Background In the last decade, the number of Internet users worldwide has dramatically increased. People are using the Internet for various health-related purposes. It is important to monitor such use as it may have an impact on the individual’s health and behavior, patient-practitioner roles, and on general health care provision. Objectives This study investigates trends and patterns of European health-related Internet use over a period of 18 months. The main study objective was to estimate the change in the proportion of the population using the Internet for health purposes, and the importance of the Internet as a source of health information compared to more traditional sources. Methods The survey data were collected through computer-assisted telephone interviews. A representative sample (N = 14,956) from seven European countries has been used: Denmark, Germany, Greece, Latvia, Norway, Poland, and Portugal. The European eHealth Consumer Trends Survey was first conducted in October-November 2005 and repeated in April-May 2007. In addition to providing background information, respondents were asked to rate the importance of various sources of health information. They were also queried as to the frequency of different online activities related to health and illness and the effects of such use on their disposition. Results The percentage of the population that has used the Internet for health purposes increased from an estimated 42.3% (95% CI [Confidence Interval] 41.3 - 43.3) in 2005 to an estimated 52.2% (95% CI 51.3 - 53.2) in 2007. Significant growth in the use of the Internet for health purposes was found in all the seven countries. Young women are the most active Internet health users. The importance of the Internet as a source of health information has increased. In 2007, the Internet was perceived as an important source of health information by an estimated 46.8% (95% CI 45.7 - 47.9) of the population, a significant increase of 6.5 % (95% CI 4.9 - 8.1) from 2005. The importance of all the traditional health information channels has either decreased or remained the same. An estimated 22.7% (95% CI 21.7 - 23.6) are using it for more interactive services than just reading health information. Conclusion The Internet is increasingly being used as a source of health information by the European population, and its perceived importance is rising. Use of the Internet for health purposes is growing in all age groups and for both men and women, with especially strong growth among young women. We see that experienced Internet health users are also using the Internet as an active communication channel, both for reaching health professionals and for communicating with peers.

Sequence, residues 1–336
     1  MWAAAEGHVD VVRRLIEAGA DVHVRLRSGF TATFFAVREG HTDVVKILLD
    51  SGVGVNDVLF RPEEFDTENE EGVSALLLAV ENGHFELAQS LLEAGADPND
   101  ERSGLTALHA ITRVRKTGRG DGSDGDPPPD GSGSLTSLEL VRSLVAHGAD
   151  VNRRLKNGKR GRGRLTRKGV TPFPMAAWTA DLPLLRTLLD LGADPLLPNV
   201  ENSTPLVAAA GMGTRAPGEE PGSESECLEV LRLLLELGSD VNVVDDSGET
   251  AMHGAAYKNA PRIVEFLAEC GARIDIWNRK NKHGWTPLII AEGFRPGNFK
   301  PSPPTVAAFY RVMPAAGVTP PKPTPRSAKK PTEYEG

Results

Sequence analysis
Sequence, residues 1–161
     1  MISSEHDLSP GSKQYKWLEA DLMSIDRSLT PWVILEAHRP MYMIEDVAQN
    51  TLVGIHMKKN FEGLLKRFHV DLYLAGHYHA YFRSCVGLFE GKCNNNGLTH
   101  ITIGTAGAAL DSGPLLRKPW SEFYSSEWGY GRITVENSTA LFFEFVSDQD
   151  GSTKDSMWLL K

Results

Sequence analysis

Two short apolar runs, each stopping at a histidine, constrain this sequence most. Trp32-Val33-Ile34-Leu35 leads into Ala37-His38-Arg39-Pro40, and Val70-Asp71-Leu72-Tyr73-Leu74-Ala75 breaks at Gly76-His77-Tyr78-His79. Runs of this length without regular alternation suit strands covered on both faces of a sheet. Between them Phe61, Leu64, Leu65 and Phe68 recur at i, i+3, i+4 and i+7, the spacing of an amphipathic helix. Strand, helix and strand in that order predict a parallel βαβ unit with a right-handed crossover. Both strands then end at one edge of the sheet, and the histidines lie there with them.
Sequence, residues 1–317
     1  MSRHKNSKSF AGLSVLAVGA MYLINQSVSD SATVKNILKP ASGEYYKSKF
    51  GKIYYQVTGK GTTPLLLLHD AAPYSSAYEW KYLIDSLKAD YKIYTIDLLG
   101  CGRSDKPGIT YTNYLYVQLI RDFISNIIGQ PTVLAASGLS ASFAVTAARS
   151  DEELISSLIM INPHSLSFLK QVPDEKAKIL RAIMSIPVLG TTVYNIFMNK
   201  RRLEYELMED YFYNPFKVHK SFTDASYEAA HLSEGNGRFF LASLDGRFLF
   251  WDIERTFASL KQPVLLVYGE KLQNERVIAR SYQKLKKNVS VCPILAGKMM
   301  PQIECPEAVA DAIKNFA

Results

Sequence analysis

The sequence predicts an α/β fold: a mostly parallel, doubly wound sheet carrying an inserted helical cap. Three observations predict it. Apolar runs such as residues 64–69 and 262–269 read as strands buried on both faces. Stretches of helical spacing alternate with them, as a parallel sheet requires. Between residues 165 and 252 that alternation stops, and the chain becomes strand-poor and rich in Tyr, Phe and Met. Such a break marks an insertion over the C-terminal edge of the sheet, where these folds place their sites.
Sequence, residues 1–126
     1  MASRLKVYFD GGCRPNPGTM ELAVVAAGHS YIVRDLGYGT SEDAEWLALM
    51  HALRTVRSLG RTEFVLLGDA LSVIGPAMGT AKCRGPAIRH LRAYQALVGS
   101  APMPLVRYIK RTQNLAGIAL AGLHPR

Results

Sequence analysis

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              eHealth Literacy 2.0: Problems and Opportunities With an Evolving Concept

              As the use of eHealth grows and diversifies globally, the concept of eHealth literacy – a foundational skill set that underpins the use of information and communication technologies (ICT) for health – becomes more important than ever to understand and advance. EHealth literacy draws our collective attention to the knowledge and complex skill set that is often taken for granted when people interact with technology to address information, focusing our attention on learning and usability issues from the clinical through to population health level. Just as the field of eHealth is dynamic and evolving, so too is the context where eHealth literacy is applied and understood. The original Lily Model of eHealth literacy and scale used to assess it were developed at a time when the first generation of web tools gained prominence before the rise of social media. The rapid shifts in the informational landscape created by Web 2.0 tools and environments suggests it might be time to revisit the concept of eHealth Literacy and consider what a second release might look like.
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                Author and article information

                Journal
                zmp
                Journal of Media Psychology
                Theories, Methods, and Applications
                Hogrefe Publishing
                1864-1105
                2151-2388
                March 2014
                2014
                : 26
                : 1
                : 29-38
                Affiliations
                [ 1 ] Department of Psychology, University of Hildesheim, Hildesheim, Germany
                Author notes
                Renate Soellner, Department of Psychology, University of Hildesheim, Marienburger Platz 22, 31141 Hildesheim +49 5121 883-10916 +49 5121 883-10901 soellner@ 123456uni-hildesheim.de
                Article
                zmp_26_1_29
                10.1027/1864-1105/a000104
                Product
                Self URI (journal-page): https://econtent.hogrefe.com/loi/zmp
                Categories
                Original Article

                Psychology, Communication & Media studies

                eHEALS, Internet, competence measurement, eHealth literacy